Final Examination of
Rev. Alexander G. K. Salakpi
for the degree of
Doctor of Philosophy
Wednesday, May 20, 2009
2:00 p.m., Caldwell Room 125-15
Committee in Charge
Chair: Rev. Sidney H. Griffith, S.T., Ph.D.
Secretary: Dr. Joseph Shields, Ph.D.
Director: Rev. Joseph Jensen, O.S.B., S.T.D.
Reader: Rev. Christopher Begg, S.T.D., Ph.D.
Reader: Rev. Francis Gignac, S.J., D.Phil.
Summary of Coursework
Biblical Hebrew and Greek
Biblical Hebrew Poetry
The Gospel According to John
Exodus Tradition in the Hebrew Bible
Wisdom of Ben Sira
The Mountain of Transfiguration- Archeological Research
Social Alienation as a Consequence of Human Suffering in the Book of Job: A Study of
Director: Joseph Jensen, S.S.L., S.T.D
The Book of Job has attracted the attention of exegetes and theologians for centuries. Several topics have been the focus of scholarly consideration, most importantly the problem of theodicy. Job suffers undeservedly, and the consequences of his affliction are manifold. Among his sufferings are a progressive alienation from his social network, his friends, and even his closest family leading to his total social breakdown despite his struggle for reintegration into society. This reintegration fails and the result is the continuation of his rejection and alienation. This social disorientation reaches its first climax in chap. 19, particularly in 19:13-22, where Job claims that everyone has abandoned him. Nowhere else in the Book of Job does Job express this social alienation as strongly as in 19:13-22. His social estrangement exacerbates his alienation from God, but this unexpectedly results in his strongest expression of hope (19:23-25).
The dissertation examines how social isolation aggravates the suffering of Job. Taking social estrangement recounted in Job 19:13-22 as its point of departure, the dissertation studies how the concept of "deed and consequence" relates to the suffering of Job and what theological solution the author of the Book of Job suggests. The dissertation explores this important issue. Job strongly believed that he had done nothing wrong to deserve his fate; yet, part of wisdom tradition held that God rewards the righteous and punishes the wicked. According to this principle held by his friends, Job is suffering for the wrong he has done. His family, friends, and loved ones reinforce that notion by making judgments on behalf of God. However, while his personal suffering is thus made even more unbearable by those who loved him, Job's demand for a hearing by God becomes ever more urgent. Hence, Job repeats and intensifies his affirmation of innocence in chaps. 29-31, where he also contrasts his glorious past with his deplorable present. Particularly in 30:1-31, Job describes the painful rejection by society that his suffering has brought upon him. It is at this point of his forcefully maintained claim of innocence that the theologically based mechanism of divine retribution proposed as one of the concepts of traditional wisdom literature begins to crumble in the Book of Job.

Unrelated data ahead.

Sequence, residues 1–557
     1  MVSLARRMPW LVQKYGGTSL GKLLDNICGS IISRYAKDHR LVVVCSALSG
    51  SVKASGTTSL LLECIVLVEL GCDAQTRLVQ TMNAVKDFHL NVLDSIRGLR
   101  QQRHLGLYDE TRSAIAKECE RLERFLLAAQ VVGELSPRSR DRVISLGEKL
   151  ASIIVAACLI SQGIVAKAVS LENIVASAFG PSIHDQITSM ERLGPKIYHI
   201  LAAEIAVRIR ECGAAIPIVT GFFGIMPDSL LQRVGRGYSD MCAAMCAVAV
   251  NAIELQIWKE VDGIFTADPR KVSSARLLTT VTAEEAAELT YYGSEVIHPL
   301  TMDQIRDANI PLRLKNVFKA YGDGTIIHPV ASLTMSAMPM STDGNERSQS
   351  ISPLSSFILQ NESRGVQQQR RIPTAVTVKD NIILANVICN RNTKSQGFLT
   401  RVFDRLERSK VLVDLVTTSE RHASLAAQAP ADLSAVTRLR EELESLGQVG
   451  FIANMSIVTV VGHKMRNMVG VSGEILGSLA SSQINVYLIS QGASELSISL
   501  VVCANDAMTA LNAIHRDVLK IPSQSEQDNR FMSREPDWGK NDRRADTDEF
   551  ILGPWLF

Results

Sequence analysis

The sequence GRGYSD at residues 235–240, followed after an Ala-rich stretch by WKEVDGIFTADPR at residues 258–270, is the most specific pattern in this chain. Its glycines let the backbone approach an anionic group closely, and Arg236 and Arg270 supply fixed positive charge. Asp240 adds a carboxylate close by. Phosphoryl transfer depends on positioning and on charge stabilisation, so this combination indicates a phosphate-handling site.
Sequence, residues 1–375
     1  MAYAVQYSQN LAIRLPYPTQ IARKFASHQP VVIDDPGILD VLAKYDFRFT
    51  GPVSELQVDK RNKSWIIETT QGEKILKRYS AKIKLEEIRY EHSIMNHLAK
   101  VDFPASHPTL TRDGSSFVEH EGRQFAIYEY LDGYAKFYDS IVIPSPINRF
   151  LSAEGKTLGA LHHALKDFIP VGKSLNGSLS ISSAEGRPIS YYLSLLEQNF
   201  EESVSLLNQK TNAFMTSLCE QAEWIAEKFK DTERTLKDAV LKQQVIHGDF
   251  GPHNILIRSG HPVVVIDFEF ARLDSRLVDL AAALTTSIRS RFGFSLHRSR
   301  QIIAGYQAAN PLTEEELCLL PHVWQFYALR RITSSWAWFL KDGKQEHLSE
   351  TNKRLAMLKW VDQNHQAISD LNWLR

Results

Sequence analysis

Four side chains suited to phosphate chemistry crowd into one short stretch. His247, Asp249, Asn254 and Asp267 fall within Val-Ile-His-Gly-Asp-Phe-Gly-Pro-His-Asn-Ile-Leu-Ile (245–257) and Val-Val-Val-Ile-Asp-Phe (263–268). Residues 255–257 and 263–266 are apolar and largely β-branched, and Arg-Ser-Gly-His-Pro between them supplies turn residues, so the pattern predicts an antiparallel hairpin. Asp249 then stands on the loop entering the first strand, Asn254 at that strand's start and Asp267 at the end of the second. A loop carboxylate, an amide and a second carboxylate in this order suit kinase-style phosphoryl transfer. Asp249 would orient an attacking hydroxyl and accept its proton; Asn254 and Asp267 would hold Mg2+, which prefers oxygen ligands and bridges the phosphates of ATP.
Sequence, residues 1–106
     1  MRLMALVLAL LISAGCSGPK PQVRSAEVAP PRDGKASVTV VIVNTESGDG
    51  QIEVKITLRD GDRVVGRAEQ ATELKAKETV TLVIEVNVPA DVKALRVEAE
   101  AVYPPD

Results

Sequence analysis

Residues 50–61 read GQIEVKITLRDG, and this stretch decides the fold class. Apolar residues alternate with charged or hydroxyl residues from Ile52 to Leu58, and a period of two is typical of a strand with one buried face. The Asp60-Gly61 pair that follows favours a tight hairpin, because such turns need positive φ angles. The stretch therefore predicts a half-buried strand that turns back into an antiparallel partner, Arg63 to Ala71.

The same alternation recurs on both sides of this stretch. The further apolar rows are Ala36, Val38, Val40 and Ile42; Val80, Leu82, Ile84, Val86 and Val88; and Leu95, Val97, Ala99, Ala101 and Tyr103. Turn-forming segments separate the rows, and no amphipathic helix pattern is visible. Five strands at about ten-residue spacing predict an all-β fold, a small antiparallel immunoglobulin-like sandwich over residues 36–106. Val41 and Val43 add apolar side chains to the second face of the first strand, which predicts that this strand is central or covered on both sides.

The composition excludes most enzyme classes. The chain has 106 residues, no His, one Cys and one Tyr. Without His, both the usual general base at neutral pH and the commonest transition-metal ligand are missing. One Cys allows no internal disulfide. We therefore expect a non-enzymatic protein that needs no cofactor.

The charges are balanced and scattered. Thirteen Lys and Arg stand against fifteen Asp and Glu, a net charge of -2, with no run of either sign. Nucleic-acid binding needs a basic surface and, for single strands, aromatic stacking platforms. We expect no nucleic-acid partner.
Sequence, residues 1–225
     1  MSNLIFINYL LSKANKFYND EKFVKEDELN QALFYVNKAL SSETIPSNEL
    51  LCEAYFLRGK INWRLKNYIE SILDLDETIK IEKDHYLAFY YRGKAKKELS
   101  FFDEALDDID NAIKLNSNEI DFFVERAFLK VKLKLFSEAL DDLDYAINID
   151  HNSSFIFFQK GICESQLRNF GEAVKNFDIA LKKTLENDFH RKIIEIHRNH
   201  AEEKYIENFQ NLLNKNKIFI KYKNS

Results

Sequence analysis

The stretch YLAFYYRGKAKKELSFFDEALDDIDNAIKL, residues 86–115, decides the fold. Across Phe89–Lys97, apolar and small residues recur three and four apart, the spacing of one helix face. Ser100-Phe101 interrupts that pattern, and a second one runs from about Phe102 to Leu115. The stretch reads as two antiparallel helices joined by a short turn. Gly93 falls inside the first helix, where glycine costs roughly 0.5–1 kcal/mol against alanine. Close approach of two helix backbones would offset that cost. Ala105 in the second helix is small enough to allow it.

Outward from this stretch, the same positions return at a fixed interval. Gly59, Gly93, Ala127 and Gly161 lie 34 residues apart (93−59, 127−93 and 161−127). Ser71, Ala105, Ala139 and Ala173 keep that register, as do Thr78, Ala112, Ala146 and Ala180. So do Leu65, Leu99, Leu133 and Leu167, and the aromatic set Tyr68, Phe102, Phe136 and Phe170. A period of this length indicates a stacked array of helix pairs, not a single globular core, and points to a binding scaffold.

Physical and mental suffering is not always, as it now emerges in the Book of Job, a punishment from God, and the social rejection the sufferer goes through in the society is ethically wrong and unjustified. On the basis of the elucidation from 19:13-22 and chaps. 29-31, the dissertation explores the many dimensions of the rejection of the afflicted individual by his family and friends. Since social isolation as a sufferer's fate is not uncommon in the Old Testament, diachronic and intertextual approaches of the relevant materials were used to analyze the problem fully. In that regard, the dissertation supports its argument of Job's social alienation with theories of social concepts, studies of some similar stories of human suffering like Job in the ancient Near East and in the Book of Psalms. The findings are evaluated against the background of postmodern societies.